Home Live Well Cancer Research: Red Meat and The Luck of the Draw

Cancer Research: Red Meat and The Luck of the Draw

by Jane Summerfield

Last updated on March 27th, 2021 at 01:02 pm

Cancer continues to rank as the second leading cause of death in the U.S. (heart disease is still ahead), so researchers forge on regarding both cures and prevention.

It is pretty clear that lifestyles incorporating preventative measures—eating a healthy diet, exercising, reducing stress, etc.—can help reduce risk (and, obviously, provide us with a number of other health benefits)—yet recent research might suggest that incidences of cancer may strike more randomly than we originally thought.

First, though, let’s tackle what we might be able to do to prevent cancer. Researchers out of UC San Diego have come closer to identifying the biochemical mechanism behind the link between red meat (beef, lamb, bison, and pork) and cancer.

The glycan, essentially a sugar molecule Neu5Gc, does not naturally occur in the human body but is very prevalent in red meat and some dairy products (and caviar, apparently).

The researchers found that inflammation response and carcinoma significantly increased when Neu5Gc was introduced to mice who were deficient in the glycan.

Bradley J. Fikes of UT San Diego reports that Dr. Ajit Varki, the study’s lead researcher, does not think that Neu5Gc is the root cause of cancer/red meat connection, but it may very well be a catalyst:

Earlier studies have linked red-meat consumption to a number of cancers, especially colorectal, breast, prostate, ovarian and lung cancers.

Varki said Neu5Gc plays the role of “gasoline on the fire” — it boosts the cancer risk, but doesn’t seem to be the ultimate cause of the disease.”

Based on Varki’s research, we might assume that abstaining from red meat consumption would reduce our cancer risk, but other recent research suggests something different.

In a study that seeks to shift the paradigm of cancer research, scientists from John’s Hopkins University found that almost ⅔ of all cancers are caused by “bad luck.”

That’s the actual term that they used, but, of course, the research is more nuanced than that.

The key concept of their work is the random way in which mutations happen when cells regenerate.

Doctors Cristian Tomasetti and Bert Vogelstein looked into the normal rate at which different types of tissue regenerate and compared it to the likelihood of getting cancer in that tissue.

They found that the more quickly stem cells regenerate, the more prone that tissue type is to cancer. Here’s their explanation:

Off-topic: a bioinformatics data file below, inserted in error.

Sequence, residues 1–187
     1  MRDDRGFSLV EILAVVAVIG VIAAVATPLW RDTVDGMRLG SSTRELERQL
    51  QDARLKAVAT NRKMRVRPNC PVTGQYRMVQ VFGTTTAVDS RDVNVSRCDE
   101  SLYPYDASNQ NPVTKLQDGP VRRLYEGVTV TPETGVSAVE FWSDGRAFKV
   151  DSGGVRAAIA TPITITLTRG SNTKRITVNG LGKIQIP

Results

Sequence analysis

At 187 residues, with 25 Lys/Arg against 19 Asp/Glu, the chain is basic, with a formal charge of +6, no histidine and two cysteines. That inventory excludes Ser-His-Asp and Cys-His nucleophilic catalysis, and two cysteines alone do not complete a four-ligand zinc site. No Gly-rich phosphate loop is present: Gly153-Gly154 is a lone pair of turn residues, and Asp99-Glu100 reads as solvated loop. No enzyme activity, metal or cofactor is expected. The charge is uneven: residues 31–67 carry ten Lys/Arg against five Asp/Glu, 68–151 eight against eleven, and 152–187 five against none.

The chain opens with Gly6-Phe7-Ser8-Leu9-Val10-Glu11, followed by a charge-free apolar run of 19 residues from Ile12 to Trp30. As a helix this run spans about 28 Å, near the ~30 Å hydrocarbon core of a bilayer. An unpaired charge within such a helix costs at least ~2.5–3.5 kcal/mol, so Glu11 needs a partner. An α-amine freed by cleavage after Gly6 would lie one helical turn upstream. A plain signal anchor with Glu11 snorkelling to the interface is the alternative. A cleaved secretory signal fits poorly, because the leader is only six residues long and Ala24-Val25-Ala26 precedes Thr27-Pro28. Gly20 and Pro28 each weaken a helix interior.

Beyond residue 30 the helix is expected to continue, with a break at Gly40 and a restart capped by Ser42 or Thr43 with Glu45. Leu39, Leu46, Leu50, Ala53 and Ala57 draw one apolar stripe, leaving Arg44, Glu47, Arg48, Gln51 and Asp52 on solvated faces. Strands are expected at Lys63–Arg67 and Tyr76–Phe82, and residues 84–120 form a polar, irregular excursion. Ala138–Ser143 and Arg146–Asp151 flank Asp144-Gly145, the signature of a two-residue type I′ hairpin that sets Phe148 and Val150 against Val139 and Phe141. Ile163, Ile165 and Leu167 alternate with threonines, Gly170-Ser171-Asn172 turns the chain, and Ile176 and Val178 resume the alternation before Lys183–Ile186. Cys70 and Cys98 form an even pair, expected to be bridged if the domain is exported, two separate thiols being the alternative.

Some tissue types give rise to human cancers millions of times more often than other tissue types. Although this has been recognized for more than a century, it has never been explained. Here, we show that the lifetime risk of cancers of many different types is strongly correlated (0.81) with the total number of divisions of the normal self-renewing cells maintaining that tissue’s homeostasis.

These results suggest that only a third of the variation in cancer risk among tissues is attributable to environmental factors or inherited predispositions.

The majority is due to “bad luck,” that is, random mutations arising during DNA replication in normal, noncancerous stem cells. This is important not only for understanding the disease but also for designing strategies to limit the mortality it causes.”

Given this information, it might be easy to throw our hands up in the air and caution to the wind regarding trying to control our health.

But wait: researchers also found that 35% of cancers are caused by hereditary and environmental factors.

Denise Grady of the New York Times spoke with Dr. Tomasetti who posited that the research might elicit two types of reactions:

There are those who would like to control every single thing happening in their lives, and for those, this may be very scary,” he said. “‘There is a big component of cancer I can just do nothing about.’

“For the other part of the population, it’s actually good news. ‘I’m happy. I can of course do all I know that’s important to not increase my risk of cancer, like a good diet, exercise, avoiding smoking, but on the other side, I don’t want to stress out about every single thing or every action I take in my life, or everything I touch or eat.’ ”

We’d like to think that we could embrace both of those feelings.

It can be scary to face our mortality, but at some point, we all will do just that, and stressing about it every step of the way may only work to bring that point closer.

While our bodies may throw us curveballs, we can still work to be as healthy as we can and reap the resulting rewards of wellness.


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